Finally, in each of the three models, vague Normal (0, 1002) priors were put on all the trial baselines µj,m and mean treatment effects dk,m. The model for treatment effects (Equations 4 and 5) is therefore identical to that previously proposed for mixed treatment comparisons (MTCs) except that the multinomial likelihood (Equation 9) and linking function (Equation 7) are used, as is appropriate for the data at hand, in place of the binomial likelihood and logit link function proposed in most of previous work on these kinds of evidence structures [9–13].

Model Selection

Choice of models was based on the deviance information criterion [14]. This is a deviance measure of goodness of fit, inline image, equal to the posterior mean of minus twice the log likelihood, penalized by an estimate of the effective number of parameters in the model, pD. The DIC can be seen as a Bayesian measure analogous to the Akaike information criterion used in classical analysis, but which can also be applied to hierarchical models. Here, we adjust the standard deviance formula by subtracting the deviance of the saturated model (a constant). The contribution of each multinomial observation (trial j treatment T) to the deviance is:

image(10)

where inline image is an estimate of the probability of outcome m, for example, the estimate generated on some MCMC cycle, and inline image is the posterior mean of the sum of the deviance contributions over all data points, inline image. In a model that fits well, inline image is expected to roughly approximate the number of data points. In this data set, with 15 two-arm trials each reporting three outcomes (the fourth, “censored” outcome is predicted from the number at risk less the other outcomes), the number of independent data points is 90; pD is equal to inline image, where inline image is the sum of the deviance contributions, evaluated at the posterior mean of the fitted values [15].

Computation

Models were estimated using the freely available Bayesian MCMC software WinBUGS 1.4.3 [16]. Convergence for all models occurred within 10,000 to 25,000 iterations as assessed by the Brooks–Gelman–Rubin criteria [17]. Results are based on 150,000 samples, from three separate chains with disparate starting values for fixed effect, and five chains for the random effect models, taken after the first 60,000 were discarded. We also established that, in each model, all the chains converged to the same posterior. The code for each model is available on the ISPOR Web site as Supporting Information, in Appendix A at: http://www.ispor.org/Publications/value/ViHsupplementary/ViH13i8_Ades.asp.

Results

The global goodness-of-fit statistics rule out the fixed effects model (Table 2), which fits relatively poorly: the mean posterior deviance is 119.8 compared to the number of data points, 90. This model also has the highest DIC because the relatively poor fit is not sufficiently compensated by the fact that it has fewer effective parameters. The DIC results slightly favor the three-variance model over the single-variance model.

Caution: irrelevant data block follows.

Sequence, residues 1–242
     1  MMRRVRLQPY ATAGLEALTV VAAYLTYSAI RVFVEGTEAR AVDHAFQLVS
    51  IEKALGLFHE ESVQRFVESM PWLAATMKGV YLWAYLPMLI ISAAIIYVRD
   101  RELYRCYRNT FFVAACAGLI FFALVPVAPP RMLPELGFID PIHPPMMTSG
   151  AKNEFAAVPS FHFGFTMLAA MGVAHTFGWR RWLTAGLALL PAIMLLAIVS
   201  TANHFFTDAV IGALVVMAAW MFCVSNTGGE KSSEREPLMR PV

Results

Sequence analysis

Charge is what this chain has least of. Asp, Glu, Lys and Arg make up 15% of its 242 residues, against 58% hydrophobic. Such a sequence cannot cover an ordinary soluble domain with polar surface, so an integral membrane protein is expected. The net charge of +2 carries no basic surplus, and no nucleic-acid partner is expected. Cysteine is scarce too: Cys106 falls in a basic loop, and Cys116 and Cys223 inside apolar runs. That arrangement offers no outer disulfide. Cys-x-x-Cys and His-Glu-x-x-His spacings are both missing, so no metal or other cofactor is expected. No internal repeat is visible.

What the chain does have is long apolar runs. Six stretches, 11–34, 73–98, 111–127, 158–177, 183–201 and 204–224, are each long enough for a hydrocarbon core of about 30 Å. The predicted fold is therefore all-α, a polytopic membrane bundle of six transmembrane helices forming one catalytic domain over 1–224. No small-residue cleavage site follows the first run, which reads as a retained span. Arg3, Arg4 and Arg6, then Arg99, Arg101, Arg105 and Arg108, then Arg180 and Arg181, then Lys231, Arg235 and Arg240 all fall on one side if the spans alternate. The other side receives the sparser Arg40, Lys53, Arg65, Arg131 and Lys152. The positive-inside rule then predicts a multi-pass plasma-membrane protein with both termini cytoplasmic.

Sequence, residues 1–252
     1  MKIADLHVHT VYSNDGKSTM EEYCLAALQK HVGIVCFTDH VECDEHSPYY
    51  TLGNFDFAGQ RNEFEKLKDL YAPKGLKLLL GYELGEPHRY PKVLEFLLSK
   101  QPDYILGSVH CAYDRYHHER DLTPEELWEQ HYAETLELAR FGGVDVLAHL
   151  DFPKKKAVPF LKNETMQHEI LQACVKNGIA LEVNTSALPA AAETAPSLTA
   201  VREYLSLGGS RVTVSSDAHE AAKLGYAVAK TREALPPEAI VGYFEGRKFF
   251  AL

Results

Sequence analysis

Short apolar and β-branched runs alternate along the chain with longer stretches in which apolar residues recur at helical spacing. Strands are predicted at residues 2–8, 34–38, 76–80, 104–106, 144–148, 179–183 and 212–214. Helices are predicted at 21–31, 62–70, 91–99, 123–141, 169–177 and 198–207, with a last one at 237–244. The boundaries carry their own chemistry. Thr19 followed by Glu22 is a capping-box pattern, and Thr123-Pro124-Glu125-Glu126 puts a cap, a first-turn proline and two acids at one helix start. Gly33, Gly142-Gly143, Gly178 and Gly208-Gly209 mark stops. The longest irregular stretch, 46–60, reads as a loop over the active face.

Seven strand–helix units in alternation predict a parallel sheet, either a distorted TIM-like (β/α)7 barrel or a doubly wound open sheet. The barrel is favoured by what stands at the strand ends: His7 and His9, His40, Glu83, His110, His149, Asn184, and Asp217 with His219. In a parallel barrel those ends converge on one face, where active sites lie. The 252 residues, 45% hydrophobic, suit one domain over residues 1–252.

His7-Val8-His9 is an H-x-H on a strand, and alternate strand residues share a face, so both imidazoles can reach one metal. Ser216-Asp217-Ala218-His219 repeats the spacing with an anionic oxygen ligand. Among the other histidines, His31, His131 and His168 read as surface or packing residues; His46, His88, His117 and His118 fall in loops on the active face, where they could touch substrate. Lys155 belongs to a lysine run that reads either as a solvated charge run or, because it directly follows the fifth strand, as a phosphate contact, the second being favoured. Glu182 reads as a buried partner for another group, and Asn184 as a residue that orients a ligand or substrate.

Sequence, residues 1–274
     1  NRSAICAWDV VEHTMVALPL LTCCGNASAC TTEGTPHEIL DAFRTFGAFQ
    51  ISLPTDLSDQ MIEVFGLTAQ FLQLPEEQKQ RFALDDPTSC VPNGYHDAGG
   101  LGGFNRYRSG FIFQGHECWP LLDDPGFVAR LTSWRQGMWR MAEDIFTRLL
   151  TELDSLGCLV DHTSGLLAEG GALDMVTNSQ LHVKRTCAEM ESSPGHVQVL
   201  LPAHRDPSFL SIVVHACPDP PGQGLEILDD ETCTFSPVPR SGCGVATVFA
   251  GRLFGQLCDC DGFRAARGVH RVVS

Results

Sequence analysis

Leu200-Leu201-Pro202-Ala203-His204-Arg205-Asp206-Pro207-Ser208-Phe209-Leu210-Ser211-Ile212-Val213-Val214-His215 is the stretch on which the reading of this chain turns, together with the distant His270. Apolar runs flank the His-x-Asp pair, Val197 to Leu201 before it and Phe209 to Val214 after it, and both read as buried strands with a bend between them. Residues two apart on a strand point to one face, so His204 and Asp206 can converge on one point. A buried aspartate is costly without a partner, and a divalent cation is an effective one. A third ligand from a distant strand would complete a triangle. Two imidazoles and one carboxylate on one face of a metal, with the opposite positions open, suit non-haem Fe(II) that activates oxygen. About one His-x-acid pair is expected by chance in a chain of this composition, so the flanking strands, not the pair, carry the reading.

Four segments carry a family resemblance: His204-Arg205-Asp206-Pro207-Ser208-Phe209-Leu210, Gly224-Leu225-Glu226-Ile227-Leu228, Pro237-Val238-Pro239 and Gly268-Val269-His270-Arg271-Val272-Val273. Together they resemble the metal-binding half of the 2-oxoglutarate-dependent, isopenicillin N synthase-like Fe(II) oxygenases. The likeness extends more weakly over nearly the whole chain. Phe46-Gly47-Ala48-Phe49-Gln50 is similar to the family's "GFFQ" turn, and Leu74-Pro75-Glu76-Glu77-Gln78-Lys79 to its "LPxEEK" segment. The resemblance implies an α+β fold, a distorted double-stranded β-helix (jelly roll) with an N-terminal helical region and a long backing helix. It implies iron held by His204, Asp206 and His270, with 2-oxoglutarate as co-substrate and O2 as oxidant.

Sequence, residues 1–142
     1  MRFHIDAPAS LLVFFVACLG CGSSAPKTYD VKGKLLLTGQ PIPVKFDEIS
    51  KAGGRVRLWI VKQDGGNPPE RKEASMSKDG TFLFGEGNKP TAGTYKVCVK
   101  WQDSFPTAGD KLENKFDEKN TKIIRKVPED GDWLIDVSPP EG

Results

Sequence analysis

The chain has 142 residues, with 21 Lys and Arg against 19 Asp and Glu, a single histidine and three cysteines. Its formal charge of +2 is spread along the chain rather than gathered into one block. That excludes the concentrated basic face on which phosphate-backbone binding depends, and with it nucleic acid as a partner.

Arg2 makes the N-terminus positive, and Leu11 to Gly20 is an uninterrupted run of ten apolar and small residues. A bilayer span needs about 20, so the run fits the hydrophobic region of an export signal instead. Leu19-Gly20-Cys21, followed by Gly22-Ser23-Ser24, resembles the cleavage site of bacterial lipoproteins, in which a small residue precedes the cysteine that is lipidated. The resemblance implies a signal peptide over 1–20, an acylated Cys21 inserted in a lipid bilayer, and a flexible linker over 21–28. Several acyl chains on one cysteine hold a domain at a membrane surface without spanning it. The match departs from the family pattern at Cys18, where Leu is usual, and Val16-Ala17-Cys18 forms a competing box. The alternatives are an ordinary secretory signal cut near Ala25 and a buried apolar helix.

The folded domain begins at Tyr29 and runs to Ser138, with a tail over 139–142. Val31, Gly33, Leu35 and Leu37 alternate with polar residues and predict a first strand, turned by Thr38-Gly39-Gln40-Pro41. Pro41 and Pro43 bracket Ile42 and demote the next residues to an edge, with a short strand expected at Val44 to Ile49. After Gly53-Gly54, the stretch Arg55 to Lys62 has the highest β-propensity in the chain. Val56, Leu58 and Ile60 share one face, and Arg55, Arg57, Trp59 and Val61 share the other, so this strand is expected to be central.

Table 2.  Goodness of fit, relative effects (posterior mean log hazard rates dk,m relative to placebo), and between-trial heterogeneity (posterior median and credible intervals for between-trial SD), for fixed and random effect models
 Fixed effectRandom effect
single variance
Random effect
three variances
Goodness of fit statistics   
 inline image119.895.592.6
 pD68.378.278.5
 DIC188.1173.7171.0
RelapseLHRrankSDLHRrankSDLHRrankSD
 1. Placebo (ref)0.0009 0.0009 0.0009 
 2. Olanzapine−1.57720.230−1.50020.337−1.47420.421
 3. Amisulpride−1.15140.479−1.02950.614−0.98060.727
 4. Zotepine−2.09810.582−2.10110.739−2.10210.886
 5. Aripiprazole−0.72680.183−0.72480.479−0.72970.689
 6. Ziprasidone−1.11850.194−1.19940.407−1.22730.558
 7. Paliperidone−1.02060.257−1.02060.512−1.01950.709
 8. Haloperidol−0.91070.266−0.77170.436−0.71680.560
 9. Risperidone−1.28430.288−1.16330.489−1.13040.640
Discontinuation caused by intolerable side effects         
 1. Placebo (ref)0.0006 0.0006 0.0006 
 2. Olanzapine−1.34530.333−1.25720.430−1.18920.605
 3. Amisulpride−1.68810.680−1.67610.778−1.70111.001
 4. Zotepine1.14480.6001.14180.7501.16281.068
 5. Aripiprazole0.02670.3820.01370.5830.02170.941
 6. Ziprasidone−1.05740.343−1.04640.494−1.01540.750
 7. Paliperidone1.29591.3971.32091.4541.24491.661
 8. Haloperidol−0.92250.380−0.86550.524−0.84850.759
 9. Risperidone−1.35820.410−1.16430.592−1.02630.930
Discontinuation caused by other reasons         
 1. Placebo (ref)0.0007 0.0007 0.0007 
 2. Olanzapine−0.52630.227−0.48430.332−0.49430.242
 3. Amisulpride−0.60320.254−0.58220.474−0.59620.299
 4. Zotepine−0.47340.318−0.47640.544−0.48240.352
 5. Aripiprazole0.23590.3850.22380.5870.21980.410
 6. Ziprasidone−0.45050.272−0.36860.440−0.42150.301
 7. Paliperidone0.74390.4620.73390.6420.73690.485
 8. Haloperidol−0.44460.258−0.42650.431−0.41160.288
 9. Risperidone−1.08410.285−1.03110.495−1.07210.330
Between-trial SD         
  Median (95% CI)Median (95% CI)
 σ 0.404 (0.17–0.75) 
 σ1  0.561 (0.25–1.24)
 σ2  0.484 (0.04–2.13)
 σ3  0.094 (0.03–0.41)

Posterior summaries of the log relative hazard rates dk,m for each treatment relative to placebo are shown in Table 2. For each of the three outcomes, the ranking of the treatments shows a high degree of consistency regardless of the choice of model. Zotepine is the most effective treatment in preventing relapse, followed by olanzapine; amisulpride causes the least discontinuation caused by intolerable side effects followed by risperidone and olanzapine; risperidone appears to cause the fewest discontinuations for other reasons, followed by amisulpride and then olanzapine. Nevertheless, the rankings of the posterior mean treatment effects do not take uncertainty into account.